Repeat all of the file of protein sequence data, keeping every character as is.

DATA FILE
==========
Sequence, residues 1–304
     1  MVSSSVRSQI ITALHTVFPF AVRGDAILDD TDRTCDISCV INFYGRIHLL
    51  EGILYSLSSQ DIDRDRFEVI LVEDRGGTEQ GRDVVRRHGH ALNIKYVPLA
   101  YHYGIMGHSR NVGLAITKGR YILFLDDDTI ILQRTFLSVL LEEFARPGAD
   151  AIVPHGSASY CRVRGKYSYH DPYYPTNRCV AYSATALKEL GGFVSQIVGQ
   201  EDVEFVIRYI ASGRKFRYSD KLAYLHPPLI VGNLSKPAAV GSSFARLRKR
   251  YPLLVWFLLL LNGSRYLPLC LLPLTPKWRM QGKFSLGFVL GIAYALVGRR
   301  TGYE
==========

Sequence, residues 1–304
     1  MVSSSVRSQI ITALHTVFPF AVRGDAILDD TDRTCDISCV INFYGRIHLL
    51  EGILYSLSSQ DIDRDRFEVI LVEDRGGTEQ GRDVVRRHGH ALNIKYVPLA
   101  YHYGIMGHSR NVGLAITKGR YILFLDDDTI ILQRTFLSVL LEEFARPGAD
   151  AIVPHGSASY CRVRGKYSYH DPYYPTNRCV AYSATALKEL GGFVSQIVGQ
   201  EDVEFVIRYI ASGRKFRYSD KLAYLHPPLI VGNLSKPAAV GSSFARLRKR
   251  YPLLVWFLLL LNGSRYLPLC LLPLTPKWRM QGKFSLGFVL GIAYALVGRR
   301  TGYE